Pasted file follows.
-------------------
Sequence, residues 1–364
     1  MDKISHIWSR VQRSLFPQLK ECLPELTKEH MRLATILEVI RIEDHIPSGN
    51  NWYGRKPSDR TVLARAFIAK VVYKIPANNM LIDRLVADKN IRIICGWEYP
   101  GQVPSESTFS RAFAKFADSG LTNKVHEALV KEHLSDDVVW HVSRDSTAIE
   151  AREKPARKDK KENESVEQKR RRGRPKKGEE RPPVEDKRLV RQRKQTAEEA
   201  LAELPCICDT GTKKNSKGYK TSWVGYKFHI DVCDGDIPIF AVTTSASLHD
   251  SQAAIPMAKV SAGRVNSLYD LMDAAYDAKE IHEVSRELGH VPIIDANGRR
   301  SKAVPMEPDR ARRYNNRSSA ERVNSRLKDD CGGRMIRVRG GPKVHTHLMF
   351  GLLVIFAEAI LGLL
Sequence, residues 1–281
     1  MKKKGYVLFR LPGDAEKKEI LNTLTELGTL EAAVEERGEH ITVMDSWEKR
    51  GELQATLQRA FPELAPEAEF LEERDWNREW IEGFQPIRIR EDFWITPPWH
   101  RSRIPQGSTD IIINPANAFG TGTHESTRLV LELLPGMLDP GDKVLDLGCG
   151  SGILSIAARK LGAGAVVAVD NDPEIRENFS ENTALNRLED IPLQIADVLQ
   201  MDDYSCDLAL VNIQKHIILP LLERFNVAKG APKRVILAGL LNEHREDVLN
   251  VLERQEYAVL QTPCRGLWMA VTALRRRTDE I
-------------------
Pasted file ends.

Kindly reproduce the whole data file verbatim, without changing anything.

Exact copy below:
Sequence, residues 1–364
     1  MDKISHIWSR VQRSLFPQLK ECLPELTKEH MRLATILEVI RIEDHIPSGN
    51  NWYGRKPSDR TVLARAFIAK VVYKIPANNM LIDRLVADKN IRIICGWEYP
   101  GQVPSESTFS RAFAKFADSG LTNKVHEALV KEHLSDDVVW HVSRDSTAIE
   151  AREKPARKDK KENESVEQKR RRGRPKKGEE RPPVEDKRLV RQRKQTAEEA
   201  LAELPCICDT GTKKNSKGYK TSWVGYKFHI DVCDGDIPIF AVTTSASLHD
   251  SQAAIPMAKV SAGRVNSLYD LMDAAYDAKE IHEVSRELGH VPIIDANGRR
   301  SKAVPMEPDR ARRYNNRSSA ERVNSRLKDD CGGRMIRVRG GPKVHTHLMF
   351  GLLVIFAEAI LGLL
Sequence, residues 1–281
     1  MKKKGYVLFR LPGDAEKKEI LNTLTELGTL EAAVEERGEH ITVMDSWEKR
    51  GELQATLQRA FPELAPEAEF LEERDWNREW IEGFQPIRIR EDFWITPPWH
   101  RSRIPQGSTD IIINPANAFG TGTHESTRLV LELLPGMLDP GDKVLDLGCG
   151  SGILSIAARK LGAGAVVAVD NDPEIRENFS ENTALNRLED IPLQIADVLQ
   201  MDDYSCDLAL VNIQKHIILP LLERFNVAKG APKRVILAGL LNEHREDVLN
   251  VLERQEYAVL QTPCRGLWMA VTALRRRTDE I